Martin Misunderstood, Paperback Book
3 out of 5 (5 ratings)


This is a darkly comic tale about Mr Less-Than-Average in an average world from the No. 1 Bestseller. Crime fiction obsessive Martin Reed is the proverbial butt of everyone's jokes.

Working as a glorified accountant at Southern Toilet Supply and still living with his cantankerous mother, he has become resigned to the world in which he lives - the school bullies now pick on him in the workplace, women still spurn him and his arch enemy is now his supervisor.

But then he arrives at work one morning to find the police on site.

A co-worker has been brutally murdered and her body abandoned in a ditch. And the overwhelming evidence points to Martin - especially when he can't or won't admit that he has an alibi.

When a second victim is found in the company bathroom, things really conspire against Martin.

The one bright star on his otherwise bleak horizon is the beautiful and sympathetic Detective Anther Albada, but even she's beginning to have her doubts about his innocence.

Could Martin be guilty? Or is he just misunderstood?


  • Format: Paperback
  • Pages: 176 pages
  • Publisher: Cornerstone
  • Publication Date:
  • Category: Crime & mystery
  • ISBN: 9780099525899

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Showing 1 - 5 of 5 reviews.

Review by

A complete change of style for Slaughter and I would imagine a disappointing one for most of her fans.Instead of the usual violent and bloody stories she usually writes,what we have here is a short black comedy.The main character is Martin Reed,a mother dominated loser,who works in the office of 'Southern Toilet Supply'. His life changes suddenly when he is accused of a murder followed closely by yet another.One of the police officers,Detective Anther Albada,becomes rather more interested in him than the case warrants.This is the ideal book to while away a few spare hours,but it does leave the reader curiously unsatisfied at the end.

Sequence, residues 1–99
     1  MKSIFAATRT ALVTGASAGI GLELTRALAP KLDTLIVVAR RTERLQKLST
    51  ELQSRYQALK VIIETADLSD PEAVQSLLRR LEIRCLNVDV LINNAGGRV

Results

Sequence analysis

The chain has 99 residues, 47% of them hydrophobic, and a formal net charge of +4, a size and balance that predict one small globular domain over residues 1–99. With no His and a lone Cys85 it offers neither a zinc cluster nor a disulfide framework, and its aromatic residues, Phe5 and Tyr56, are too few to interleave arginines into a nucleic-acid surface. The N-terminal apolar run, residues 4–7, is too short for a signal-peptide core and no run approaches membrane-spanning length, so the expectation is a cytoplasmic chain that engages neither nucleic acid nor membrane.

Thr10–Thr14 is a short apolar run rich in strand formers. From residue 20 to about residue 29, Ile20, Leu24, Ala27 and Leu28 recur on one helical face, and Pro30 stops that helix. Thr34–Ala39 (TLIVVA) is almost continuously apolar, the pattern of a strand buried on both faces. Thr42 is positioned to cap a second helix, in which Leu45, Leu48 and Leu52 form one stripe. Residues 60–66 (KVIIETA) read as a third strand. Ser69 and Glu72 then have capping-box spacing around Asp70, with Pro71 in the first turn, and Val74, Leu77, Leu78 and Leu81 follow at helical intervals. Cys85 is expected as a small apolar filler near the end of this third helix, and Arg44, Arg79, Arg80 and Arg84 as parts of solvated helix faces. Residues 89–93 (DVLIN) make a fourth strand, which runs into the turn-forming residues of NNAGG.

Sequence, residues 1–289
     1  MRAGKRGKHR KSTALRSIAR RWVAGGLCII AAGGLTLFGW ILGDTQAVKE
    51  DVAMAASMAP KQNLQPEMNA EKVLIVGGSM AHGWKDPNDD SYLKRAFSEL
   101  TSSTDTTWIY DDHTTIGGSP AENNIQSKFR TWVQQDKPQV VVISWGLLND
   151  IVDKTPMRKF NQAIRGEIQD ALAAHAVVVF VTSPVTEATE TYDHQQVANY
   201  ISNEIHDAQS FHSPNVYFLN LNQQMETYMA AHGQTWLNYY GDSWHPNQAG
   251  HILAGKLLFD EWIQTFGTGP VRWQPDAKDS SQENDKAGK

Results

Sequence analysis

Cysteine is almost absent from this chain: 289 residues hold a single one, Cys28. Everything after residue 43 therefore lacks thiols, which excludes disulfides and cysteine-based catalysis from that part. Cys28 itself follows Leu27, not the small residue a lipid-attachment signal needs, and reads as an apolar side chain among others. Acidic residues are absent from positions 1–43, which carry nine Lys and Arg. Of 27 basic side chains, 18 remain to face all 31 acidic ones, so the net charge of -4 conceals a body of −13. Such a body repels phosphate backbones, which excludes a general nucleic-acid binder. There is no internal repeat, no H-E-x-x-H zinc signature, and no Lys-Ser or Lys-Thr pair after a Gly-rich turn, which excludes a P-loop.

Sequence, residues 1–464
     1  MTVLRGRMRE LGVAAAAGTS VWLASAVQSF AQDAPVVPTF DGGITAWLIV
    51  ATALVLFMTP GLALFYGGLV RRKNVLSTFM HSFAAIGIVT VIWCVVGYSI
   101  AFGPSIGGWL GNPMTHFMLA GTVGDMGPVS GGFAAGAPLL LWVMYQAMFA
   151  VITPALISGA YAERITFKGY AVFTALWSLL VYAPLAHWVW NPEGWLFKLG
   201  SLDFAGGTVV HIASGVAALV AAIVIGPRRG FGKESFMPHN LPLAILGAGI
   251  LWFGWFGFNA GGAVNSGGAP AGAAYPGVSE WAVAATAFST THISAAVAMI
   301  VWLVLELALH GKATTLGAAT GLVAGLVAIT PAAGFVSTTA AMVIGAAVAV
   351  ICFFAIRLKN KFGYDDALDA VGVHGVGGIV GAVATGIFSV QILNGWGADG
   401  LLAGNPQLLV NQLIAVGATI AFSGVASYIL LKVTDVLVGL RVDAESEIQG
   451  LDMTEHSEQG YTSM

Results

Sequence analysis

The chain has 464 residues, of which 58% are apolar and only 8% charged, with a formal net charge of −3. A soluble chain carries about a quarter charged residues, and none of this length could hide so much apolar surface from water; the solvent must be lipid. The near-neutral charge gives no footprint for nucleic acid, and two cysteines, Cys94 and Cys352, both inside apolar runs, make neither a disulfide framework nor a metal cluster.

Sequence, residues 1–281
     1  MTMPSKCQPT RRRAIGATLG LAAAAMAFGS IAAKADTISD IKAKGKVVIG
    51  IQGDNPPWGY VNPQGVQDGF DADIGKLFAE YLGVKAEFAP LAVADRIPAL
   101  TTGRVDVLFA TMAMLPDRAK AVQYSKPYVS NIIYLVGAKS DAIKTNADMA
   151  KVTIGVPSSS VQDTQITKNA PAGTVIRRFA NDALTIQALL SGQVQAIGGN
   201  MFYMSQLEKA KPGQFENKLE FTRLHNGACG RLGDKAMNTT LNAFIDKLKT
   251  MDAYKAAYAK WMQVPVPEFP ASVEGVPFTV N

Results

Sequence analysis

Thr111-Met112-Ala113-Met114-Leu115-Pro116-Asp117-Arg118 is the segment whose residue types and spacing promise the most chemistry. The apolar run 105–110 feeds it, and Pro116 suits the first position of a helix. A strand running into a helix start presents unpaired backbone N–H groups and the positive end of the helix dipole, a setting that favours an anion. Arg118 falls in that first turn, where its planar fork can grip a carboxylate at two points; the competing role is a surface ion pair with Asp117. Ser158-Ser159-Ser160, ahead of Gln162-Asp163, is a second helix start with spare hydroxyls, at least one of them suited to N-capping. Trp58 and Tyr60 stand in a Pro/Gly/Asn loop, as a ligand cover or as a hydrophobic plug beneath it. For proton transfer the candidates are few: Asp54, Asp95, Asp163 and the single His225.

Review by

This book is refreshingly short; at least you only waste about 150 pages of reading time compared to the longer works Slaughter normally delivers. I found the writing style very simple and wondered for a while if it was a new departure for the author, venturing into fiction for the teenage market. However, some explicitly detailed scenes of sex and violence left me doubting that conclusion.Perhaps it was a project to write a story without any attractive characters or a proper ending. If so, it succeeded in those goals but fails to rise to any loftier ambitions.

Review by

Martin never grew out of being the awkward kid that everyone teased. Now an adult, living with his cruel mother, working with the people who used to torture him at school, he's a nobody until a co-worker is murdered and he comes under suspicion by a police detective just as awkward as he is.I couldn't *not* read this novella after seeing so many mixed reviews. From readers angry that it was so short to readers angry that it was so peculiar, it doesn't often inspire much praise. My impression is that the author had an idea for a character and wrote a story that amused her, and that's that. It isn't terrible, and neither is it great. The mystery is sound and satisfactorily explained. The characters are ridiculous (on purpose) and the ending is sweet enough that if you did connect with Martin or An at least you're happy for them (sort of.)It's an odd novella that's as well written as any odd short story. If she wrote another, I'd read that, too.

Review by

This is such a great book, makes you cry with delight and despair - it's got everything except cowboys and indians!!

Review by

Very quick read. I enjoyed it to start with and then absurdity piled on absurdity such that I ended up not caring.

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